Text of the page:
From the Publisher
This book is for SharePoint developers working with Publishing sites—sites that leverage MOSS 2007 WCM capabilities. It does not cover administrative topics in any great detail, only where absolutely necessary. For the most part, no two chapters are dependent upon each other, so each chapter can be used as a reference independently of the others. Readers need not have any development experience with SharePoint, but they should have some experience with and a working knowledge of ASP.NET 2.0 development practices and topics. Of course, it is beneficial if the reader does have at least a working knowledge of what SharePoint is all about.
This book covers MOSS 2007 WCM Publishing sites. You will find some chapters that seem to cover general WSS 3.0 topics, but everything is treated in the context of a Publishing site. While the chapters are arranged in a logical order, it is not necessary to read the book from cover to cover in a linear fashion. The following is a brief description of each chapter:
Chapter 1, “Embarking on Web Content Management Projects”—This chapter explains what this book is all about, who the target audience is, and who will benefit most from the book. It also details what the reader needs in terms of a local development environment in order to implement the solutions. In addition, each of the subsequent chapters is explained very briefly to provide an overview and clarify how each chapter fits in.
Chapter 2, “Windows SharePoint Services 3.0 Development Primer”—This chapter covers the fundamentals of WSS, including definitions of terms such as farm, Web application, site collection, site, list, and document library, and the general architecture of WSS. Some basic object model techniques are demonstrated in this chapter.
Chapter 3, “Overview of Office SharePoint Server 2007 and Web Content Management”—This chapter briefly explains each of the various components that make up MOSS. In addition ,while the book is development-focused, the “ABCs” of content-centric Internet sites is covered.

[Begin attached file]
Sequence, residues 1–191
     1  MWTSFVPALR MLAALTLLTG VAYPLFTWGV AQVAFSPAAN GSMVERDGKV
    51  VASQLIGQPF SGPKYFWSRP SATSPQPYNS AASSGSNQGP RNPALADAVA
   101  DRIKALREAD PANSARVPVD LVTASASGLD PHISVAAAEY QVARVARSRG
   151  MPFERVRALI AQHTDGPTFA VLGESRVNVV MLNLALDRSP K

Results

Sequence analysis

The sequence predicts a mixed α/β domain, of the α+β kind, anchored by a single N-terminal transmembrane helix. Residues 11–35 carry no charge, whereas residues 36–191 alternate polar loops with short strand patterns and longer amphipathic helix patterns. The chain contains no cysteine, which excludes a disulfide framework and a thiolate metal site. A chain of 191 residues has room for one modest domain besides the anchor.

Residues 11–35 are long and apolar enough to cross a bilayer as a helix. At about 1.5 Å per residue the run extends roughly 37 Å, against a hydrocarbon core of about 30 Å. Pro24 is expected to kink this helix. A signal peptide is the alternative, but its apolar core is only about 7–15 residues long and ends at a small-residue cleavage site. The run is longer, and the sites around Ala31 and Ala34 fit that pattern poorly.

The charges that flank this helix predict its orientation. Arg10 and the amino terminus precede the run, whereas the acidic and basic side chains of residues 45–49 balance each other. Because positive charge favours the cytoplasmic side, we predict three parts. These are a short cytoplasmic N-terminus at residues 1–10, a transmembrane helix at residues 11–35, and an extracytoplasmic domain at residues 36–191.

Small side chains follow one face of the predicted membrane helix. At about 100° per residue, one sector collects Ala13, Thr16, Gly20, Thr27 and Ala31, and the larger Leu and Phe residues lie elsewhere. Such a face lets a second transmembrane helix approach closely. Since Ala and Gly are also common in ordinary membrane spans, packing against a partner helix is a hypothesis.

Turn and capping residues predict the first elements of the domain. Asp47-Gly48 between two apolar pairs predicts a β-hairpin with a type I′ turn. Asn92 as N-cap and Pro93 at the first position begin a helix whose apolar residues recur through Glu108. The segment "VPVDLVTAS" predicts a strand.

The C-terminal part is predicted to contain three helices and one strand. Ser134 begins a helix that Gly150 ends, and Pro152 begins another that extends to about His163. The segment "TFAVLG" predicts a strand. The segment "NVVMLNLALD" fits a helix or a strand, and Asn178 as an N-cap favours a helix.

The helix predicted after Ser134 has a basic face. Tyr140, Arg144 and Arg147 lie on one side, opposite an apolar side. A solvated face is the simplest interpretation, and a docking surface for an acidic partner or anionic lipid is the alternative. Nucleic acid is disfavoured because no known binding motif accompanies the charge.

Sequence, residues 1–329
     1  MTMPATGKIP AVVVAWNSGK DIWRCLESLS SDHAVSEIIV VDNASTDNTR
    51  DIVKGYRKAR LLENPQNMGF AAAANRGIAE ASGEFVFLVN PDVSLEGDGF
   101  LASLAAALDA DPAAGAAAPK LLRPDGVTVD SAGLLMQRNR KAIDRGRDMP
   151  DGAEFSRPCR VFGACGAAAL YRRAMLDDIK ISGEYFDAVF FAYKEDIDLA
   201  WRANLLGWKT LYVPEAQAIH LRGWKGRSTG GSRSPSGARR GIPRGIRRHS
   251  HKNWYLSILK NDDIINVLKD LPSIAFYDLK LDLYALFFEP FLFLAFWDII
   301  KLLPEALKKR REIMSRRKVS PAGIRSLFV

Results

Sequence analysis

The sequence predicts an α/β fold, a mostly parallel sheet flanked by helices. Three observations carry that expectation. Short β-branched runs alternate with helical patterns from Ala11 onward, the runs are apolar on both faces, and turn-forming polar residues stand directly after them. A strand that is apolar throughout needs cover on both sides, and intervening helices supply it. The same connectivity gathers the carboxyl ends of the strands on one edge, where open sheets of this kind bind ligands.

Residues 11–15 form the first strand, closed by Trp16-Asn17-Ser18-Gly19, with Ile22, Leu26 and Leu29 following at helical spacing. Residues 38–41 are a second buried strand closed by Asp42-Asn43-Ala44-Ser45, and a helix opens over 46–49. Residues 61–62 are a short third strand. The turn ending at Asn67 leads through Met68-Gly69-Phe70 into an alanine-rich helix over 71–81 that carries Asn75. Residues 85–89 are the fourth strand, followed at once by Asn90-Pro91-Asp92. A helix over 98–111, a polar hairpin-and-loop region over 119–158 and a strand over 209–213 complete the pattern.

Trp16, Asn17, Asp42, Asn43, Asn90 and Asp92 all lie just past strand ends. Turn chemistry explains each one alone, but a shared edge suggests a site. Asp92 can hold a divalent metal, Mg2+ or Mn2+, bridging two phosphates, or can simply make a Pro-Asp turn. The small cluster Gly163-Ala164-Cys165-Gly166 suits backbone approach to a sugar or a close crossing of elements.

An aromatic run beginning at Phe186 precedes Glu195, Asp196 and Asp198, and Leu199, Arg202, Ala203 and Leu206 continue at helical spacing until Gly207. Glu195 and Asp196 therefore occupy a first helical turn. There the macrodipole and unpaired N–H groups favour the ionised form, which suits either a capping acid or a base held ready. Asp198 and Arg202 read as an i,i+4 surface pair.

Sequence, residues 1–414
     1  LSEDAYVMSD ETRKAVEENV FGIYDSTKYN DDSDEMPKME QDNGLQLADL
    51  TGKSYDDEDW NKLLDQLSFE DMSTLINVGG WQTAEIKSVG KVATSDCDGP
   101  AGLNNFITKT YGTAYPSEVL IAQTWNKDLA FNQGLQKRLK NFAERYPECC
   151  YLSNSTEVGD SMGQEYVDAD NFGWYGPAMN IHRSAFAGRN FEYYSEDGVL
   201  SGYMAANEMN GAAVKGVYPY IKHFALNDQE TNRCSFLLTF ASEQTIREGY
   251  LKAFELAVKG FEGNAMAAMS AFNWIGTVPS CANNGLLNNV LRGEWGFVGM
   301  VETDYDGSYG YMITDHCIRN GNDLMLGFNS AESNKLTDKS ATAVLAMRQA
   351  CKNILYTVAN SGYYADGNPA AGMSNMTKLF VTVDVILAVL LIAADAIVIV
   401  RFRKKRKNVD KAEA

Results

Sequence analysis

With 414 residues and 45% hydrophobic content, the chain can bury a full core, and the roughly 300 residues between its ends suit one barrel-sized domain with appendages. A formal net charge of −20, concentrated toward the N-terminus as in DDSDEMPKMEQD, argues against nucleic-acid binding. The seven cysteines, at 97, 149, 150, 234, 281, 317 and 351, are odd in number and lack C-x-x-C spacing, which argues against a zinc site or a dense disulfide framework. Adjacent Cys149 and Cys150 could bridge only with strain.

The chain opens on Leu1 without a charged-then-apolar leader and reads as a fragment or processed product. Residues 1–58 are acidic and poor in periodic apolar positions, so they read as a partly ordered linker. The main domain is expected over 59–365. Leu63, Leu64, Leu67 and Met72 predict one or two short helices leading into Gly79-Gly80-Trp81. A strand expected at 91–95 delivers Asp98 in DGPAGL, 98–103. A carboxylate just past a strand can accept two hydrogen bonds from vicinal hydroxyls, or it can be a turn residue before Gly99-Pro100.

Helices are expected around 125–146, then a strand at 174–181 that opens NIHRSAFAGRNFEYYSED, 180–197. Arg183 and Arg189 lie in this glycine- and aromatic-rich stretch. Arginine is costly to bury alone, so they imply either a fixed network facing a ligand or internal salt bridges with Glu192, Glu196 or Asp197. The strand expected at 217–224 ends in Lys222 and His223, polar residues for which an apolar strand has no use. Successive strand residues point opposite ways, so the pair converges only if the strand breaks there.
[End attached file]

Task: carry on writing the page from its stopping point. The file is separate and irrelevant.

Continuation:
Chapter 4, “SharePoint Features and the Solution Framework”—Both new to WSS 3.0, the SharePoint Feature and solution frameworks are covered in great detail in this chapter, as well as a process for automatically creating WSS solution packages on every project build.
Chapter 5, “Minimal Publishing Site Definition”—Many users create new WCM sites by using the Publishing Portal template. Unfortunately, this adds quite a bit of unnecessary content to the site. This chapter picks apart the Publishing Portal template and Publishing Features and demonstrates how to create a minimal Publishing Portal template.
Chapter 6, “Site Columns, Content Types, and Lists”—Three core components to every WSS 3.0 site—site columns, content types, and lists—are covered in this chapter.
Chapter 7, “Master Pages and Page Layouts”—This chapter covers everything you need to know about creating, editing, and leveraging master pages and page layouts within Publishing sites.
Chapter 8, “Navigation”—While WSS 3.0’s navigation is founded on the ASP.NET 2.0 navigation provider framework, there are a few SharePoint-specific topics, which are covered in this chapter.
Chapter 9, “Accessibility”—If it’s not already, accessibility is becoming an increasingly important topic with regard to Web sites. This chapter explains the different levels of accessibility and discusses some techniques and tools developers can leverage to create sites for users with disabilities.
Chapter 10, “Field Types and Field Controls”—Although it’s a WSS 3.0 concept, field types and field controls are covered in this chapter in the context of a Publishing site. This includes creating custom field types with custom values types and controls, as well as custom field controls that leverage existing field types.
Chapter 11, “Web Parts”—This chapter covers creating custom Web Parts and som